Some time after the last federal election, The Current on CBC Radio 1 was doing a feature on leadership, because there seemed to be so little of it in the campaign. Various guests from different walks of life offered personal comments about what they thought leadership was, and then a panel got down to discussion about political leadership itself.

“Where was it?” was the question or, as it was also framed, “Where was the vision one might expect in a political leader?” Well-known Toronto left-winger (and publisher) Judy Rebick opined that political leaders had become afraid to show vision with any leading ideas because, if they did, the media would crucify them. Jack Layton had a lot of good ideas, she said in so many words, but he’s constrained from talking about them because of the media threat.

Well, knock me down with a feather! Isn’t a true leader someone who isn’t so easily intimidated? Doesn’t Rebick’s statement amount to saying, “Jack Layton doesn’t show visionary leadership because Jack Layton doesn’t show visionary leadership?”

Wouldn’t a leader with vision take on that media power if it were such a constraining force? There are ways and means of doing it, especially in an election campaign. Election battles provide a relatively level playing field. Coverage of a leader, even of a third party like the NDP, is virtually guaranteed. There are also many unfiltered media occasions — appearances on open line shows, extended interviews (like the ones that CBC radio and television do during campaigns) and, now, four different leadership debates (two in English, two in French). Add to this an extensive advertising budget, helped along by the new public-funding formula for campaign financing.

For that matter, shouldn’t concentration of mass-media power be tackled as an issue in itself — for how it works against Canadians and undermines the chances of a truly vibrant democracy? Layton and his caucus have expressly avoided taking on that issue because, as they see it, media owners have just too much power. That’s exactly the reason, however, why the NDP should make it a leading issue. Indeed, if an anti-establishment party, as the NDP pretends to be, isn’t prepared to take on unequal power, then there’s not much point to the party’s existence.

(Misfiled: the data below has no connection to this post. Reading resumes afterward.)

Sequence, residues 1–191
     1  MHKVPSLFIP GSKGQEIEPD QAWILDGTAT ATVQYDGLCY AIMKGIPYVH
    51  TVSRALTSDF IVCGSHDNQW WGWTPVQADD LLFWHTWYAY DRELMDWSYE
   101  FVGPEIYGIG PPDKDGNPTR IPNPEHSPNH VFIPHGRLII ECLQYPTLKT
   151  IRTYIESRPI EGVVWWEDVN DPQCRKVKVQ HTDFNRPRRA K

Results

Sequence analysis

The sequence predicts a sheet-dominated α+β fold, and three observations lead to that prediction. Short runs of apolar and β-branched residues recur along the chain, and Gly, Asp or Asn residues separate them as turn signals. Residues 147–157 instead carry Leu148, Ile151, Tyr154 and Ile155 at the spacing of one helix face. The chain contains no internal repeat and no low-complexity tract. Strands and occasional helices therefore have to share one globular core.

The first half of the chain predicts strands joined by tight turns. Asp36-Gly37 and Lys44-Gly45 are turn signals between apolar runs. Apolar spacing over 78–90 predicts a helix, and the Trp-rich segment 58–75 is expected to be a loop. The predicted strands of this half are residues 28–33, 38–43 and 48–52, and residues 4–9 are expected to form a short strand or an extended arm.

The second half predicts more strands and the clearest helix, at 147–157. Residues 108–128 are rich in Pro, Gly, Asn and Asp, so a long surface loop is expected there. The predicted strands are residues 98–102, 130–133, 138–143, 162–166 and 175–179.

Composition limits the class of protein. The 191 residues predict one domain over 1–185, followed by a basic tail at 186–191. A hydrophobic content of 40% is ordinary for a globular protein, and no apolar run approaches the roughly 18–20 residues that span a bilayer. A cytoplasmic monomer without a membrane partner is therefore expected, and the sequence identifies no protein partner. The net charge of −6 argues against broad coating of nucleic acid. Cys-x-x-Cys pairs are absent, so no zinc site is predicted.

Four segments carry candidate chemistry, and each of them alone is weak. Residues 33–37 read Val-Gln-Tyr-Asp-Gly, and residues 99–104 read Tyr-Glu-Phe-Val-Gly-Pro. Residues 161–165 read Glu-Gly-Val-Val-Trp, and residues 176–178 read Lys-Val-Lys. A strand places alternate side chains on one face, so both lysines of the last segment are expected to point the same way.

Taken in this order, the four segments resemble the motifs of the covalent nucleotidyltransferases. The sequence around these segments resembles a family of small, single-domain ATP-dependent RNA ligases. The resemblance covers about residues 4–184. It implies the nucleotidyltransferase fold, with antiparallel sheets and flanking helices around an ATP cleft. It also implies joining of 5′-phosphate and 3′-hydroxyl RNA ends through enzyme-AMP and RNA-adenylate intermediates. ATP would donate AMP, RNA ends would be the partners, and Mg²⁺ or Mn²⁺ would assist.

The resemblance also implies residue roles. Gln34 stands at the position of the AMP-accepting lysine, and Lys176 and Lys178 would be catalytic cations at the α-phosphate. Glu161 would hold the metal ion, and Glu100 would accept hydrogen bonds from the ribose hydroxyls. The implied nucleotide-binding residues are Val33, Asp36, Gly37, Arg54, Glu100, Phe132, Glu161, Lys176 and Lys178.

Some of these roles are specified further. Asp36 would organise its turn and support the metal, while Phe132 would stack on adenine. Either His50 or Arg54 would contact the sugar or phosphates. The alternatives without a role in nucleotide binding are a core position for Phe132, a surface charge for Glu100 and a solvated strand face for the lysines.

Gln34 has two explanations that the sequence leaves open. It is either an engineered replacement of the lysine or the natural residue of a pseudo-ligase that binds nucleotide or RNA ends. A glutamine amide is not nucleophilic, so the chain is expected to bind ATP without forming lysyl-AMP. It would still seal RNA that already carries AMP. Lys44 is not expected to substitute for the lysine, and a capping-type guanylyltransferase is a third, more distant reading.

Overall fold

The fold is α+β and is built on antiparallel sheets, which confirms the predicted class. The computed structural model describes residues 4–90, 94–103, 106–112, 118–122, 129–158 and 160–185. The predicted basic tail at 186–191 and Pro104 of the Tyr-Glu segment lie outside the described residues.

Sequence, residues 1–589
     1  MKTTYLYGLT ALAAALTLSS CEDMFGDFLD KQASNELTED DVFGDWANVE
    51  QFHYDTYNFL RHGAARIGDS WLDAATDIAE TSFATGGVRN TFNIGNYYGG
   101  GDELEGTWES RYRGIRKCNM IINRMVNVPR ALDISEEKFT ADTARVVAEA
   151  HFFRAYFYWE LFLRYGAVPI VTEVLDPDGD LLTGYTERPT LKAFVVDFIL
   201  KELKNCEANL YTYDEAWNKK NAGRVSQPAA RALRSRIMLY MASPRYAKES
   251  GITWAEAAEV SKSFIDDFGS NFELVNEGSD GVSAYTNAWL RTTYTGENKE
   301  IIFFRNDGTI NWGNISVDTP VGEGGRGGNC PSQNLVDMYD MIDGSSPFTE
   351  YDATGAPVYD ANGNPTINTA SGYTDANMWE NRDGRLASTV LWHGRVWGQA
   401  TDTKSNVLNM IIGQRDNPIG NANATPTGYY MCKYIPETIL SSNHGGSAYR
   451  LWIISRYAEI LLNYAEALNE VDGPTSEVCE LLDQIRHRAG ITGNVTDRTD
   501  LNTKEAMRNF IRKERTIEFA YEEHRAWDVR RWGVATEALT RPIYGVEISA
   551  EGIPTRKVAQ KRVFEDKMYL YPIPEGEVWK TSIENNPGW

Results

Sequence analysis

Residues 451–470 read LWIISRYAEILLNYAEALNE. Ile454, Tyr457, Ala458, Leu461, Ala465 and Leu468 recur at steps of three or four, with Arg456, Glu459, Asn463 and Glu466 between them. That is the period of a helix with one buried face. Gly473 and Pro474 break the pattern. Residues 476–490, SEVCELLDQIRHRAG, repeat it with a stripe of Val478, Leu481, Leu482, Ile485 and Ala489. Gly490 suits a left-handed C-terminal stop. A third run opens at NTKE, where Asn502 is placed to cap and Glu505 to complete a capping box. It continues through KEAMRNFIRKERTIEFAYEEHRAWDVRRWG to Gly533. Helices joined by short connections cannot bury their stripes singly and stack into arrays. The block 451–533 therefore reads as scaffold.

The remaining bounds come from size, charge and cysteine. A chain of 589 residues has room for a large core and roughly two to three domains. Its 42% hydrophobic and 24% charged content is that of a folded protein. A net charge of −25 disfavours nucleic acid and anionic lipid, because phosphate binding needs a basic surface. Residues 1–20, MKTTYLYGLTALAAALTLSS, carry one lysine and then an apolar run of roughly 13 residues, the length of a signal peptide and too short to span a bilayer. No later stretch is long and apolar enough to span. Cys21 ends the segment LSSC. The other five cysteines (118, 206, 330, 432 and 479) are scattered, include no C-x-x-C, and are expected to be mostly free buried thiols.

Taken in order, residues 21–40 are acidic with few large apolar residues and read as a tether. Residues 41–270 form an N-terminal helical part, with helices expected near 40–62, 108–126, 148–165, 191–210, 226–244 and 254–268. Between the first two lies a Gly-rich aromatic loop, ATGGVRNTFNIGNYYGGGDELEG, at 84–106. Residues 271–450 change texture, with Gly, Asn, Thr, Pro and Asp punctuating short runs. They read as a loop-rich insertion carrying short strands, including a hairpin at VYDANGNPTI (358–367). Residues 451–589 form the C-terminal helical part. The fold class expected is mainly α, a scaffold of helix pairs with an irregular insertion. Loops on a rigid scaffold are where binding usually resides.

Layton’s not being a visionary leader, then, isn’t because of external reasons, but because, although he may take a strong stand on certain issues such as equal marriage, he may simply not be a visionary leader. The political route he’s chosen reflects this. It involves avoiding even a hint of radicalism, using finesse with the media in the hope of sympathetic coverage, bending to media power, trying to gain an edge by differential policy fragments here and there, and playing tactical games.

Moreover, once you’re committed to that route or psychologically fixed in it, your mind closes off to doing politics in a different way. When by chance the occasion for elaborating a vision arises anyway, you either miss it or are constitutionally unable to follow through.

Perhaps the most telltale illustration of this pattern occurred in the 2004 campaign. There was only one interesting plank in the NDP’s campaign — an inheritance tax. In itself, it was an altogether respectable and conventional proposal, involving only the portion of estates over $1 million and allowing exemptions for in-family transfers of small businesses and family farms.

Most western countries, including the right-wing United States, had such a tax — often, as in the case of the U.S. and the U.K., with much more rigorous provisions. Layton, however, was hammered for the idea in newspaper editorials and other media comment. This media attack turned the proposal into something controversial.